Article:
Actually, I mentioned my online identity last night when I blogged about my various web presences. So Thing 3 is really just an extension of that.
But the big question is, what do my fellow bloggers think of my brand, and are they receiving the message I mean to convey? (Tell me, please do tell me!)
I Googled myself and thought it was quite accurate, to be honest. (Having a distinctive name does help, of course. Yes, there are a couple of scientists; and another Karen McAulay translates dictionaries; but I seem to be the one and only musical, scholarly librarian Karen McAulay!) Anyway, I come up first on Academia, then on Twitter (which I keep professional). There's a Facebook Karen McAulay who isn't me - can't help that - then comes Whittaker Live, the performing arts blog that I author at work.
After that I come up on LinkedIn (I don't use it much at all), then a researcher posting I did for Durham University. Next, I'm found fundraising for Action on Hearing Loss, and then on Vitae.ac.uk.
There's nothing there I wouldn't want a future employer to see. Indeed, I believe it conveys the serious, research-minded, music information expert that I like to think I am. I was quite gratified to find the fundraising venture came up - no future employer would object to charity activity AND serious swimming, and if they worked out that I have mild hearing loss, well, it plainly doesn't hold me back!
Right, other questions that Thing 3 asked me to consider:-
- Name used. My real name clearly comes up in the right places. Whittaker Live is named after an early professor at the Royal Conservatoire of Scotland (when it was the Athenaeum), and I'm blogging at work anyway, but my real name is there for all to see, if they look for it. I'm Karenmca on Twitter, but I often sign myself as that on memos etc, so it's accurate enough. Academia.edu and Linked In are spot on, too. If some of my other blog presences don't show my real name so prominently, it doesn't matter quite so much - they don't come up at the top of the Google search in any case. However, I've just tweaked my True Imaginary Friends blog, so now my name features along the top.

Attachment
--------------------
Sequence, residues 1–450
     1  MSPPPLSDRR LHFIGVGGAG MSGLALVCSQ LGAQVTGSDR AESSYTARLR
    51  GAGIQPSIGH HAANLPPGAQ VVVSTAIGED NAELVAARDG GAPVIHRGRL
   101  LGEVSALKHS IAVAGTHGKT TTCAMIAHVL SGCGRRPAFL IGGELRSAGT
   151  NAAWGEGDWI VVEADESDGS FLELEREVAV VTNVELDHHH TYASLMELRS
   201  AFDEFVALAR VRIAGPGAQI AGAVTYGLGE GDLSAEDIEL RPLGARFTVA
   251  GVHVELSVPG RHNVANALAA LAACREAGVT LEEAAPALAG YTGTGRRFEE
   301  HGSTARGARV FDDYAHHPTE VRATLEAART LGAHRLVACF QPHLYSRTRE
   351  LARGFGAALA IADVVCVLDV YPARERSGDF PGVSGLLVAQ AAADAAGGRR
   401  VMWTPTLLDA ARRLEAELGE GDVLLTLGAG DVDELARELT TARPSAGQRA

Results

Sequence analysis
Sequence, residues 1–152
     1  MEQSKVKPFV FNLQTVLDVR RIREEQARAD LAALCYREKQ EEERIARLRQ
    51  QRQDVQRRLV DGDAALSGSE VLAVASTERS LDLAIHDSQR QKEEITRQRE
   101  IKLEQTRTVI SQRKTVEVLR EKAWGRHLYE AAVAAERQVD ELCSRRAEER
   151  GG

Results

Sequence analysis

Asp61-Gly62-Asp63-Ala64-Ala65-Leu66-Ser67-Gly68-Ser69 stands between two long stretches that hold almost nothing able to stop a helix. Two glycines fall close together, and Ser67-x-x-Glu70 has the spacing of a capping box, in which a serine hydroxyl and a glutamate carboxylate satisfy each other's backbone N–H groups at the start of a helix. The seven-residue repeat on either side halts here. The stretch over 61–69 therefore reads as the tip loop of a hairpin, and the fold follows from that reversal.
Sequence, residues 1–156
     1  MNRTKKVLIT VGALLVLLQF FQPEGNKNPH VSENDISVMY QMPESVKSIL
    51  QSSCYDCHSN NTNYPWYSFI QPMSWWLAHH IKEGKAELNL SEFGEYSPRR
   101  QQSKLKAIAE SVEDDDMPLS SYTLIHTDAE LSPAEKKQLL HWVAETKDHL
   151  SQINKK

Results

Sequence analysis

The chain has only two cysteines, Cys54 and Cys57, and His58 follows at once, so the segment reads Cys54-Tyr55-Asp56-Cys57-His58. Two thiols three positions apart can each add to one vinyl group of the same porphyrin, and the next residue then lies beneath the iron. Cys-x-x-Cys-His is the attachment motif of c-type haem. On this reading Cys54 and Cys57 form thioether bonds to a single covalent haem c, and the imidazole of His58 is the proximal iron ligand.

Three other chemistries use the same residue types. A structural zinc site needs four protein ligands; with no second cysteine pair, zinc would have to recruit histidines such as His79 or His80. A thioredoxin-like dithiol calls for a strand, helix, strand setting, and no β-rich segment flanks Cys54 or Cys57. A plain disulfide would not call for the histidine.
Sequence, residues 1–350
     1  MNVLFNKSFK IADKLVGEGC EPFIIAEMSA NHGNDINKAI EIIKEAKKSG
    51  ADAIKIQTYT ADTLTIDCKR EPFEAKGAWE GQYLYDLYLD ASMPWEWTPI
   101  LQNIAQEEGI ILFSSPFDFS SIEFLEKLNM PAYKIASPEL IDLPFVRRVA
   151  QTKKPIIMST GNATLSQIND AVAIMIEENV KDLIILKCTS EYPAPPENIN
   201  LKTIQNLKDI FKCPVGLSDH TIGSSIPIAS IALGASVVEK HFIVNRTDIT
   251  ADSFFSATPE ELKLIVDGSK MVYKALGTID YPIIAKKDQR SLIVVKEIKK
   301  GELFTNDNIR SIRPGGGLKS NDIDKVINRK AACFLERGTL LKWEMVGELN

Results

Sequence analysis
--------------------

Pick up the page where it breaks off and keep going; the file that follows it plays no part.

- Photograph. I always use a smiling but businesslike picture. As for other images; well, they're mainly serious ones, but occasionally a frivolous or quirky one to demonstrate a sense of humour. There are no embarrassing pictures of me because I avoid getting into embarrassing situations!
- Professional/personal identity. See last night's post! I keep my professional and personal identities relatively separate, and don't want too much of my personal life broadcast on the internet.
- Visual brand. Generally, you'll find a photo of me (see above). My business-cards are themed with purple flowers, because of my research work on floral and other natural metaphors in connection with historical Scottish folksong collectors. However, I don't have flowers on any web presence. Maybe I should - but that's open to debate, though. I don't know that it would suit my persona as a scholarly author. Do I really want flowers on a website that might be visited by academics or publishers?
- A late postscript. Today my publisher asked me to choose a colour for my book cover. Well, what else? I thought of my CPD23 friends, and it had to be ... the same colour as my business cards! (See my True Imaginary Friends blog, about the forthcoming book.)